"The thing that truly depresses me," wrote Burt Prelutsky in his article, "All the News That's Fit to Censor" on November 10th, "is that millions of my fellow Americans know the truth, but simply don't seem to care." The root of his depression is the fact that the news media and Obamaniacs are emotionally and psychologically insulated against all revelations about Obama's questionable political past, his disreputable associations, the role of ACORN's voter fraud, the suspicious sources of a big chunk of Obama's campaign donations, and his socialistic agenda. It is not likely many members of the press will seriously pursue any of those avenues of investigation. They want to believe.

Without defining what he meant by "hope" and "change," Obama persuaded countless rudderless and predisposed Americans that he was the man of the moment. After all, he makes Americans and the news media feel good, so what have facts got to do with that? They must not be allowed to get in the way to spoil the euphoria or shatter expectations.

Making whole populations feel good about their futures has been a device of ambitious power-seekers for millennia.

In the meantime, the news media is still beating the team of dead horses that pulled the Republican gun carriage through the two-year war of the presidential campaign, one of them vice-presidential candidate Sarah Palin's $150,000 wardrobe. But Obama's $650 million war chest is beyond the scope of the news media's concerns, and also that of the Federal Election Commission. His image as a Messiah armed with a bag of miracles at all costs must not be sullied, and woe to those who attempt to examine more closely his cash cows or his ideology. Most news anchors, journalists, and editors speak and write about Obama from a realm of self-induced myopia. They want to believe, and not doubt, suspect, question, or think.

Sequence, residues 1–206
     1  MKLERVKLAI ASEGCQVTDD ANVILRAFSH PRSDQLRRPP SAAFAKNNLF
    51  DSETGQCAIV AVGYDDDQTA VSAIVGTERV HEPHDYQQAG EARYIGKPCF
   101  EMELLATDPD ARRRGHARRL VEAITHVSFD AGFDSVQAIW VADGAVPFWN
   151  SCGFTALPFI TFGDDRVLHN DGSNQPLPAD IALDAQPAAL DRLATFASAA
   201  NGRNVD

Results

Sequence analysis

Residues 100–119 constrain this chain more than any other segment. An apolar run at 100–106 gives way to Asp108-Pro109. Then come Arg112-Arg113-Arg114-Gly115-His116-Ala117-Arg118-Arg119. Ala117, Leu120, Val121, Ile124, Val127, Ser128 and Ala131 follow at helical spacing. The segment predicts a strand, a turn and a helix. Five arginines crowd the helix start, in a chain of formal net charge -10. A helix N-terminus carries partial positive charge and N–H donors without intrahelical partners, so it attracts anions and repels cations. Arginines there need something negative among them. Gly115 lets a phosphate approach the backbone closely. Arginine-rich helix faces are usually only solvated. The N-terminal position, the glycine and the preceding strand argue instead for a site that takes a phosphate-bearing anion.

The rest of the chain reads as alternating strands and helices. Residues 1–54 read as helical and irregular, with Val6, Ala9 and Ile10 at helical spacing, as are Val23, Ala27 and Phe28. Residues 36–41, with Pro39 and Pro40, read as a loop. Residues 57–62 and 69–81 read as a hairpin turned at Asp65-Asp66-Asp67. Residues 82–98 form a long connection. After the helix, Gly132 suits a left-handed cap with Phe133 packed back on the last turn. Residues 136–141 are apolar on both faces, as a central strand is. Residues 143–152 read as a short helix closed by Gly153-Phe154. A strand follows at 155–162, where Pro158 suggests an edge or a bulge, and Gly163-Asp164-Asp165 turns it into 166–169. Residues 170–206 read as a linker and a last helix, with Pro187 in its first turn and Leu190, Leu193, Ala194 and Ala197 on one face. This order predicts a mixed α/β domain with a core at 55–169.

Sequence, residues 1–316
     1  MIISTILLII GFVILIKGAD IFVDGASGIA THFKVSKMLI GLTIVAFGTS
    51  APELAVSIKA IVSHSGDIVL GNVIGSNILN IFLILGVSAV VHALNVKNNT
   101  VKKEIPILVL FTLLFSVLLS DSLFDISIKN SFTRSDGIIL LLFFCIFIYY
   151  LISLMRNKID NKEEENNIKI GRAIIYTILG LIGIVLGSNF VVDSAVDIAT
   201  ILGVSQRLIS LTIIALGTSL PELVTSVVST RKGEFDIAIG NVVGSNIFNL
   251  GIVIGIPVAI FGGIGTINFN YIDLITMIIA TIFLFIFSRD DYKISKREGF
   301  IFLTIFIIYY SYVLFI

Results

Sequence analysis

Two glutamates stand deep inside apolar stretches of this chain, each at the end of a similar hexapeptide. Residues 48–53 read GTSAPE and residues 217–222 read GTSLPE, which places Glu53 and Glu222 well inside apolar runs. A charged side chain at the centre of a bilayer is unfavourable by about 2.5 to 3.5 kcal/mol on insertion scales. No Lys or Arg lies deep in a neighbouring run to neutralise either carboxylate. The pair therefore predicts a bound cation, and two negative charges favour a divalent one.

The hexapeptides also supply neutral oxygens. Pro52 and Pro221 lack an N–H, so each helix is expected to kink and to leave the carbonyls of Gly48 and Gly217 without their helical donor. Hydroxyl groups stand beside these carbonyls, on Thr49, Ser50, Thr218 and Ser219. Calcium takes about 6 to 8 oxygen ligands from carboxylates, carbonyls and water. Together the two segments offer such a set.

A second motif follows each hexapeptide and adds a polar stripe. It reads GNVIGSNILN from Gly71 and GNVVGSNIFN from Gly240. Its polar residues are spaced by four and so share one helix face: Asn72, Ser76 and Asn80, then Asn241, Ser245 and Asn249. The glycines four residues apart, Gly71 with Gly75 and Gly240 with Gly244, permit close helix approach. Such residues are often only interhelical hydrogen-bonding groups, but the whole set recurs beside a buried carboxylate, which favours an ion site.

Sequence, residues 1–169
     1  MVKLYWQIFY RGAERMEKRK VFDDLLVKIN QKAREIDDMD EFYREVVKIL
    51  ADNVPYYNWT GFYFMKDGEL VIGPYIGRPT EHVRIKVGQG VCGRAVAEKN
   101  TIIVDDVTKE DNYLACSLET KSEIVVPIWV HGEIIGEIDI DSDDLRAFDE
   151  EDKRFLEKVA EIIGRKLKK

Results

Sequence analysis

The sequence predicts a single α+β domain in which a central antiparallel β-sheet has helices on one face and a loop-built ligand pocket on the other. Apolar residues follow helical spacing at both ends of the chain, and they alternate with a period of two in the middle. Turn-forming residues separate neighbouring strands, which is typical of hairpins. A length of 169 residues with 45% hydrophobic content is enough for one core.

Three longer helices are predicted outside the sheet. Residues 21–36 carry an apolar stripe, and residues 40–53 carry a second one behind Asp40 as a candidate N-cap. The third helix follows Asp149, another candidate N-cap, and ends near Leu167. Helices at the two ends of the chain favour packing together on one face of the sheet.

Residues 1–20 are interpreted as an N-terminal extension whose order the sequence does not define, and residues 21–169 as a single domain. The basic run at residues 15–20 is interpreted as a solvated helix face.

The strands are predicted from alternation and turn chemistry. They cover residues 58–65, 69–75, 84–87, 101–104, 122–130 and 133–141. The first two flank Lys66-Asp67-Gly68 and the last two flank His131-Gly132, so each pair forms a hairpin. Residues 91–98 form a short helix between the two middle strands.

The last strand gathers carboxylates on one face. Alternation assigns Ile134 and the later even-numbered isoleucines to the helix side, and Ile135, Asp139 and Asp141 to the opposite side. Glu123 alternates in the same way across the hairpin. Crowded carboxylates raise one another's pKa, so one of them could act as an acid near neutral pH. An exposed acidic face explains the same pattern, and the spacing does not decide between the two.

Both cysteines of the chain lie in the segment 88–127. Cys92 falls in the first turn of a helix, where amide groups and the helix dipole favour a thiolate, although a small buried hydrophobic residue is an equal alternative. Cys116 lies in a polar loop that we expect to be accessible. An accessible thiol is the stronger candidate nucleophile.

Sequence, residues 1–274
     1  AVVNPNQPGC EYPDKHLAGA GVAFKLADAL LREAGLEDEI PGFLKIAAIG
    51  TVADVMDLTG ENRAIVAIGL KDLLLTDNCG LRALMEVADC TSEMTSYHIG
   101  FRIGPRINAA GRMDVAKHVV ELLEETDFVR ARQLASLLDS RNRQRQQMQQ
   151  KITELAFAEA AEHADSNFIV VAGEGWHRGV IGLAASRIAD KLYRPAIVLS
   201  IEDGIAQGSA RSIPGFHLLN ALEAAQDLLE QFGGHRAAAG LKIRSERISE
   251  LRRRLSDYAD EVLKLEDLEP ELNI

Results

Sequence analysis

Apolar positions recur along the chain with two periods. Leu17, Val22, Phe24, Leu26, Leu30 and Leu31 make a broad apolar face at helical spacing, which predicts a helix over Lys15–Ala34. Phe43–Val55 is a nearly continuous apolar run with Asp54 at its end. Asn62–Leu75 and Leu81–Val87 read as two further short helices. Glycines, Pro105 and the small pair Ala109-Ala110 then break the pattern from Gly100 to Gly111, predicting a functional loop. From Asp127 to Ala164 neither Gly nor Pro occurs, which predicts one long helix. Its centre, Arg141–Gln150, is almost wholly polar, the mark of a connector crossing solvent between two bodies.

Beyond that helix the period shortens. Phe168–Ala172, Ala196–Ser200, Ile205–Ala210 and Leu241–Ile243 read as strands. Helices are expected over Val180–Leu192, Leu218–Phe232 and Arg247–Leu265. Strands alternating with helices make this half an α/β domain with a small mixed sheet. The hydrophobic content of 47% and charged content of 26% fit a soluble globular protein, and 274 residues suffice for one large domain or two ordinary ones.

"Obama can deny it all he likes," wrote Prelutsky, "but anyone who subscribes to the belief that we should adopt a fiscal policy based on 'From everyone according to his abilities to everyone according to his needs' is a disciple not of Warren Buffett, but of Karl Marx." But Warren Buffett, together with George Soros and countless other very well-heeled rich, are apparently disciples of Marx, as well, for they supported Obama, knowing full well what he represented. They did not care, either.